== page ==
University of Hertfordshire

From the same journal

By the same authors

  • Samuel Antwi-Baffour
  • Sharad Kholia
  • Yushau K-D Aryee
  • Ephraim A Ansa-Addo
  • Dan Stratton
  • Sigrun Lange
  • Jameel M Inal
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Original languageEnglish
Number of pages6
Pages (from-to)278-83
JournalBiochemical and Biophysical Research Communications
Journal publication date23 Jul 2010
Publication statusPublished - 23 Jul 2010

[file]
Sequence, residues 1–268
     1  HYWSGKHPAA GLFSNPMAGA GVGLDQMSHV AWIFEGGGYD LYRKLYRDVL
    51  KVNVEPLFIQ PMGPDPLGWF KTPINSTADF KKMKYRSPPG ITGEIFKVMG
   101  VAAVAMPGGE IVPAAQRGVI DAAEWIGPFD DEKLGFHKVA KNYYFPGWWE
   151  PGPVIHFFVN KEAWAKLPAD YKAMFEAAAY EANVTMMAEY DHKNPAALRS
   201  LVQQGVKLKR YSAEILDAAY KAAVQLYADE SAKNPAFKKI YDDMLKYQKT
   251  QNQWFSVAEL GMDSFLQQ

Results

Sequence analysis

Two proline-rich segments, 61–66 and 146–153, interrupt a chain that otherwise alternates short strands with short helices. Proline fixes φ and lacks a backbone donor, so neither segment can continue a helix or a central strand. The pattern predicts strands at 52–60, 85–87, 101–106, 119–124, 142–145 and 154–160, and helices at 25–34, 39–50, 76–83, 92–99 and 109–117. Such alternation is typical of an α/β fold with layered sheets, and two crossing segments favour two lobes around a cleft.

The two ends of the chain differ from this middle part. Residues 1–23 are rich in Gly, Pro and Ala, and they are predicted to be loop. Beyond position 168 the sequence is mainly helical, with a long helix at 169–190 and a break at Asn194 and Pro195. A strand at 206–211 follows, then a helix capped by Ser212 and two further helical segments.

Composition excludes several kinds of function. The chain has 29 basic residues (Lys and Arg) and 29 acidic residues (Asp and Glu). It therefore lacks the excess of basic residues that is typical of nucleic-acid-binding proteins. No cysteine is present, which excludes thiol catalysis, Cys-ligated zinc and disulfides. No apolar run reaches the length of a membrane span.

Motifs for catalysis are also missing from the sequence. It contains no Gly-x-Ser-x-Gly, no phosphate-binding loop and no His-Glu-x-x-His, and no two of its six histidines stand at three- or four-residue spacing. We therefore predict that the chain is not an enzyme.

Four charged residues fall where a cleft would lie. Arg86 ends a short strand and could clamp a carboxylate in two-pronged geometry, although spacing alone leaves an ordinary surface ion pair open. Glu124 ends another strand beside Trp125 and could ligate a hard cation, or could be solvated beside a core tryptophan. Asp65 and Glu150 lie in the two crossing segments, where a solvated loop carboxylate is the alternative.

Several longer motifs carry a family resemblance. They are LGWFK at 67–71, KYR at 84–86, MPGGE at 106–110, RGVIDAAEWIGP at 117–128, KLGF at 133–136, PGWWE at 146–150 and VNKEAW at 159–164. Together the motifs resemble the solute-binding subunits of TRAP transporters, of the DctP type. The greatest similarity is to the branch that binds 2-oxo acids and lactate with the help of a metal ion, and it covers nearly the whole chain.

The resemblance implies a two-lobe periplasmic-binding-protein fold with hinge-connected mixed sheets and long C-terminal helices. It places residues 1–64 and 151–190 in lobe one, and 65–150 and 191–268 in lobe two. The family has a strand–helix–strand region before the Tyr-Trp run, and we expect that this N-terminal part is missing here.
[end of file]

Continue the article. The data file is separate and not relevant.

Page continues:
Plasma membrane-derived vesicles (PMVs) also known as microparticles, are small membrane-bound vesicles released from the cell membrane via blebbing and shedding. PMVs have been linked with various physiological functions as well as pathological conditions such as inflammation, autoimmune disease and cardiovascular disease. PMVs are characterised by the expression of phosphatidylserine (PS) on the plasma membrane. PS, also expressed on apoptotic cells (ACs) enables macrophages to phagocytose ACs. As it is widely known that PMV production is increased during apoptosis, we were able to show that PMVs could compete dose dependently with ACs for the PS receptor on macrophages, so reducing phagocytosis of ACs. In a clinical setting this may result in secondary necrosis and further pathological conditions. In SLE in which there are raised PMV levels, there is an anti-phospholipid-mediated increase in PMV release, which can be abrogated by depletion of IgG. Our work provides an insight into how PMVs may play a role in the aetiology of autoimmune disease, in particular SLE.

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